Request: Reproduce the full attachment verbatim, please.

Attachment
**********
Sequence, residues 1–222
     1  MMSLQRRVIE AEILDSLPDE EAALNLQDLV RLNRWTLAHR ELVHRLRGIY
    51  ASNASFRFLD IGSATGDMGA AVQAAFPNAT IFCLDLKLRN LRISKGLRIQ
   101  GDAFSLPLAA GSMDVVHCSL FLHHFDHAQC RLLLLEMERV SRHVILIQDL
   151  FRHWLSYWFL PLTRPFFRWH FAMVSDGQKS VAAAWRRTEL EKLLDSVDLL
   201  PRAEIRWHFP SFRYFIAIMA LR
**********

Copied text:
Sequence, residues 1–222
     1  MMSLQRRVIE AEILDSLPDE EAALNLQDLV RLNRWTLAHR ELVHRLRGIY
    51  ASNASFRFLD IGSATGDMGA AVQAAFPNAT IFCLDLKLRN LRISKGLRIQ
   101  GDAFSLPLAA GSMDVVHCSL FLHHFDHAQC RLLLLEMERV SRHVILIQDL
   151  FRHWLSYWFL PLTRPFFRWH FAMVSDGQKS VAAAWRRTEL EKLLDSVDLL
   201  PRAEIRWHFP SFRYFIAIMA LR